My First Sportive – London Revolution
Alongside snowboarding, I’d was really into skateboarding as a teen, and I just couldn’t see why anyone would want to ride a skatepark on a bike instead of a board. To me, it just looked like there was so much potential for hurting yourself and getting all tangled up. But after building up my first fixed gear bike, an old, rattle canned road conversion with cottered cranks, it wasn’t long before I was trying wheelies and barspins and as fixed gear progressed, we moved away from the flat spaces and carparks and into the curves and banks of the skatepark.
I ended up getting a BMX – I’d long stopped skating and the idea of feeling that flow again and carving round a bowl was massively appealing to me. I kept the fixed gear(s) of course, but my interest began to take a different direction.
Just like I never thought I’d want to ride a bike in a skatepark, I never thought I’d want to wear lycra or do a sportive – ‘freestyle’ was my thing, not training, energy gels and padded shorts. But after moving away from London and falling in love with long, geared rides in the countryside, I found myself keen to sign up for a sportive, just to see what it was like.
My opportunity came through London Cycling Campaign, who I’ve been working with recently – I decided to ride the 180-mile ‘London Revolution’ for my first event and write up the experience for their magazine. I’d also blog about my training.
The training didn’t happen, as I didn’t really have time. I know that’s a poor excuse, trundled out by many, but I was genuinely drowning in deadlines and trying to catch up on stuff after the release of the fourth issue of Coven. So I lined up on the morning of the sportive, wondering how the hell I was going to manage 100 miles on day one, and a further 80 or 90 on day two. Prior to that, the furthest I’d ever ridden had been 92km, not even 92 miles!
The day of the sportive, we set off from London at around 8.45, groups of riders dispatched together after a quick briefing on how the whole thing would work. It turned out that all we had to do was follow arrows to designated feed stops, stuff our faces, then carry on pedaling though glorious countryside resplendent in the sun. How bloody brilliant is that – literally nothing at all to do expect ride with everything taken care of for you – it felt truly decadent!
We kept things pretty steady – me, because I wanted to finish the first day with enough in my legs for day two, and Dave, because he was riding a fixed gear bike and his knees were killing him. Our slow and steady pace paid off and we made it to Windsor racecourse, ready for more food, a little yoga, one solitary pint and a night in a tent, sparko!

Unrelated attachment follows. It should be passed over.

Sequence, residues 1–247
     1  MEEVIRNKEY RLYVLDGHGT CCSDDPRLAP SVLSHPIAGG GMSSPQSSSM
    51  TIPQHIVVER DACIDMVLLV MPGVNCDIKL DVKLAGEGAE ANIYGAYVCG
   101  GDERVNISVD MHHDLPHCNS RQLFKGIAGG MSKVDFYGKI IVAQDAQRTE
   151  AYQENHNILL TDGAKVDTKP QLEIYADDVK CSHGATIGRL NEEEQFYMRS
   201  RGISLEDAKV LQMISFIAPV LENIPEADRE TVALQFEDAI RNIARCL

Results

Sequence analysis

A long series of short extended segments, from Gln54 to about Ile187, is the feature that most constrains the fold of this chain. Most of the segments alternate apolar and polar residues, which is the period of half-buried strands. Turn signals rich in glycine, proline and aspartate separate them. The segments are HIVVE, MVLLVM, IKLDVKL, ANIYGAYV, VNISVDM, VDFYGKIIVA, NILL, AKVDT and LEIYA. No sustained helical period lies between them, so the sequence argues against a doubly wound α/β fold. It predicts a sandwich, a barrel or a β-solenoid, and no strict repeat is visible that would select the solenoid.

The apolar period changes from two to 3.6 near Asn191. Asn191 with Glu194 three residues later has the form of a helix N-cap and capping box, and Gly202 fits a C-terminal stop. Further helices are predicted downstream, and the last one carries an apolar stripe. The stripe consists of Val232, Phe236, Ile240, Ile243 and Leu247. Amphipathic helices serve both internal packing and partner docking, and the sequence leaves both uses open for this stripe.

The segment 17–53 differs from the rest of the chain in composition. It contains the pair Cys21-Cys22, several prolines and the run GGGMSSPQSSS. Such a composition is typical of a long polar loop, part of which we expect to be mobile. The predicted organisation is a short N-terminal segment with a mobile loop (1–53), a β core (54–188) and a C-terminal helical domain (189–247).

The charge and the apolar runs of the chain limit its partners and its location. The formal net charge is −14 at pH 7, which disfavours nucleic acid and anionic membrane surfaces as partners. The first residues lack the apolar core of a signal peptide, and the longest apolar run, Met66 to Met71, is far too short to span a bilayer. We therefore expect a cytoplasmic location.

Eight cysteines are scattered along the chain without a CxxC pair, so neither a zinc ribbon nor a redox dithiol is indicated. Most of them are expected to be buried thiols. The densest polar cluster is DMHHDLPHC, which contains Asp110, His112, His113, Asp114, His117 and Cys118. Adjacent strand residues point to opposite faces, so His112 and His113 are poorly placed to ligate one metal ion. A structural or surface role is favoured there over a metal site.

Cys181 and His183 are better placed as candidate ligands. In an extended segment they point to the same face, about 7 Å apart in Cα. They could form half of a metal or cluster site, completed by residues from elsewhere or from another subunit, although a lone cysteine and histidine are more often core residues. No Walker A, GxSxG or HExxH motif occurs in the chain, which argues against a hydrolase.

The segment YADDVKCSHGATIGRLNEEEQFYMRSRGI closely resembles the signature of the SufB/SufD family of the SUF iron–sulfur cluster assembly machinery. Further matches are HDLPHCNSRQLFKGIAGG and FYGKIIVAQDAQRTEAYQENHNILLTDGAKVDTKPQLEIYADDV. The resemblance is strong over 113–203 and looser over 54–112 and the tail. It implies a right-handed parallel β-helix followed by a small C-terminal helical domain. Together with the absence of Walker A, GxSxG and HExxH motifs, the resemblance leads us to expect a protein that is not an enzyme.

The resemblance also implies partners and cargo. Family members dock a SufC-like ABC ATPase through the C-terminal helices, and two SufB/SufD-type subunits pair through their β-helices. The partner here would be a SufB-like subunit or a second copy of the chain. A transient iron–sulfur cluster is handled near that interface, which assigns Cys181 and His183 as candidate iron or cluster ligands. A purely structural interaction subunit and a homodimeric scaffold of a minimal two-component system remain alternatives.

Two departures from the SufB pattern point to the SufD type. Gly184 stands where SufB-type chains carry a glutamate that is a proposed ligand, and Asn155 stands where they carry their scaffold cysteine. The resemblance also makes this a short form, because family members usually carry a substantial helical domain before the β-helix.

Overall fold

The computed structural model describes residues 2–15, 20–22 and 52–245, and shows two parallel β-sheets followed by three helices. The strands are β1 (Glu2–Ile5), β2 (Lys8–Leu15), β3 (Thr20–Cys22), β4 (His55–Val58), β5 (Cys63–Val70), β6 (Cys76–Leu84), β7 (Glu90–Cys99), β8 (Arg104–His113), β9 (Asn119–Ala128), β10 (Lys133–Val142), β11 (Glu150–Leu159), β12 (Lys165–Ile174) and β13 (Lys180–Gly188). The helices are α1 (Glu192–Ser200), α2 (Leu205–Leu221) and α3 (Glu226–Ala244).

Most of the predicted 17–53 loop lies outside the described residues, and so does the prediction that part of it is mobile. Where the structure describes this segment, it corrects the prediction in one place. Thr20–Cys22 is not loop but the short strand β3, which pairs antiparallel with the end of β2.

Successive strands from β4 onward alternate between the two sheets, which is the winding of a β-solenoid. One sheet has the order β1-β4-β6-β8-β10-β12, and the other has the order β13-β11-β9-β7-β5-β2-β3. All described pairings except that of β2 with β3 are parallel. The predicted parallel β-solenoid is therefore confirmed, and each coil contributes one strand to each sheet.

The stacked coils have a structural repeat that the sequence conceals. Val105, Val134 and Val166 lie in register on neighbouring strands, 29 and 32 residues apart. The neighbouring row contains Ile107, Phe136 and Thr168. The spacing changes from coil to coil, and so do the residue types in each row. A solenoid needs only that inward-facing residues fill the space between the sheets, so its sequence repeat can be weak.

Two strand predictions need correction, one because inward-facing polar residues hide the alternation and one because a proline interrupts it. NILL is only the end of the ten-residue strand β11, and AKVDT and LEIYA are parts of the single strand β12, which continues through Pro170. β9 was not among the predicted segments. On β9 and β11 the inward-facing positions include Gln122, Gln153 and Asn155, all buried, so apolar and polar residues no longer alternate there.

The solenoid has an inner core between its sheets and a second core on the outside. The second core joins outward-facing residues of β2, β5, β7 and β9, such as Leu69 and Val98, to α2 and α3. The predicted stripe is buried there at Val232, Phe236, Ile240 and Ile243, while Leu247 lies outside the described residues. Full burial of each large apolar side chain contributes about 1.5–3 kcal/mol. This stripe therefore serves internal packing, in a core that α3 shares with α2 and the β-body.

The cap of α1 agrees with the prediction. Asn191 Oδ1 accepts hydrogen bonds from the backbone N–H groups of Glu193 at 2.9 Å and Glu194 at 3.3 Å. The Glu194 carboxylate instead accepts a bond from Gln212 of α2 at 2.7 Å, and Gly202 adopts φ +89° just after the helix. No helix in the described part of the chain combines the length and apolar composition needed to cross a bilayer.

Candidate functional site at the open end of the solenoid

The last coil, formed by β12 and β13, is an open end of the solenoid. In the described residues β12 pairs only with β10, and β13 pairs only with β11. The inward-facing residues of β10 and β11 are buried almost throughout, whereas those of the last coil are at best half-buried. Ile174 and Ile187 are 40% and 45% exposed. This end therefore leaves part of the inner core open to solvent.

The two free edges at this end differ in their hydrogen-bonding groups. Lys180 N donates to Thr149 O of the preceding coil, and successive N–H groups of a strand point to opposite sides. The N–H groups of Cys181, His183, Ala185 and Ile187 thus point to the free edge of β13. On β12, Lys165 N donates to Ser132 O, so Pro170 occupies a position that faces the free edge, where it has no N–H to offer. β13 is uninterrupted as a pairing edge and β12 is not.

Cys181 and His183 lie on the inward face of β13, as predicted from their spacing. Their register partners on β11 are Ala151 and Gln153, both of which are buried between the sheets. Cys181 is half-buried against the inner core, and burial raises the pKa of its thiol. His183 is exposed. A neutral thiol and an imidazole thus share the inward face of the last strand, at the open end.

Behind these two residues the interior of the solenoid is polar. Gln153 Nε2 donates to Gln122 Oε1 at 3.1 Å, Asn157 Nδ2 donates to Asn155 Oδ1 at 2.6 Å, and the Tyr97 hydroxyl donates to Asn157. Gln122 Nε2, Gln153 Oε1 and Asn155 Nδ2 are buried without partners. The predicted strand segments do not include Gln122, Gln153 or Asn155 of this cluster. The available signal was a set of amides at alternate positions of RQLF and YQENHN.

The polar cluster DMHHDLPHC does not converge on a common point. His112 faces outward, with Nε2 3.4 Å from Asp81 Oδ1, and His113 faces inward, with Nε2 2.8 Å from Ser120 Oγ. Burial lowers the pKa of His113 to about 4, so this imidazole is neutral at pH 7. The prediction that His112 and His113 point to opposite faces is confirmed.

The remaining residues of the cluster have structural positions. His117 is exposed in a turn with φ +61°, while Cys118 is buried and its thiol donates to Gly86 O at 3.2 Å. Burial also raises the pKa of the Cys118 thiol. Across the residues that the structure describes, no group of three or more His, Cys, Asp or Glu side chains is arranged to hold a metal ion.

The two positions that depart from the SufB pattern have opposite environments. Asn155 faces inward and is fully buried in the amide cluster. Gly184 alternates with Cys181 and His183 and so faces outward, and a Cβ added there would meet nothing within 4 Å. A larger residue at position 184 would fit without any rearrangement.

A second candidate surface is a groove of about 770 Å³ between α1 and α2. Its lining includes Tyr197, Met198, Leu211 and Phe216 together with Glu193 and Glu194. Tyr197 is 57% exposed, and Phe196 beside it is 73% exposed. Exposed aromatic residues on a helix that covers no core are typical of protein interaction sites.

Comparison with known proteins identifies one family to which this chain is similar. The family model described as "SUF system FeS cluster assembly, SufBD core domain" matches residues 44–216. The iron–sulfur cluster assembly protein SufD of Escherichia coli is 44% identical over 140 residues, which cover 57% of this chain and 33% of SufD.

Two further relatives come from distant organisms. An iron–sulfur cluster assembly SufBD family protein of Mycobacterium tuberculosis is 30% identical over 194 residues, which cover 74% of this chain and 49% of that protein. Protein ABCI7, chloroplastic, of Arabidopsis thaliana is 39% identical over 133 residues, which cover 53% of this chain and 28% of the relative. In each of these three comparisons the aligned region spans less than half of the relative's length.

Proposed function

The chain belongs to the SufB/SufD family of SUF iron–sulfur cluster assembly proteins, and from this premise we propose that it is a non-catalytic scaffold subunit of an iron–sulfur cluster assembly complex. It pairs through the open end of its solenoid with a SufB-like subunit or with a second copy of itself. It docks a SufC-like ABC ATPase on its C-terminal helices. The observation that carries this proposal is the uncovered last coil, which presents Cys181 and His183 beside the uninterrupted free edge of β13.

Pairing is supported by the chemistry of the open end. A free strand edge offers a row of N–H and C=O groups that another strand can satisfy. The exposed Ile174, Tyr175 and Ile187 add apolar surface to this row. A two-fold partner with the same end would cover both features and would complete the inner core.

The second day was a struggle for Dave, his knees were very painful thanks to skidding down so many hills the day before and though the medics had strapped them heavily, he was unsure if he was going to be able to ride at all. We decided to set off and see how far he could go, and thanks to a lot of codeine, he managed to complete the whole ride with me. We even pegged it up Box Hill, a mere bump after riding around Dartmoor, but a very pretty one!
I was actually rather surprised at how strong I was up the hills, obviously just riding around the area near my home in Devon has substantially built up my strength, and thanks to being relatively light, I was even able to overtake a lot of people on the hills, well most of the time. When we hit hills around the seventy mile mark of day two, well that was another matter! But on the whole, we kept the pace pretty steady and I reckon I could have done quite a few more miles, as long as they were relatively flat.
After a ride around Herne Hill’s velodrome on the way back, we rode onto the red carpet at the finish and collected our medals. It was a great weekend, we were so lucky with the weather; brilliant sunshine but not too hot and barely any wind. And I was really happy at how my fitness has improved without doing very much. Now if I could just schedule some proper training, I might see an even bigger difference!
Read more about my first mass participation event in London Cyclist magazine, or London Cycling Campaign’s website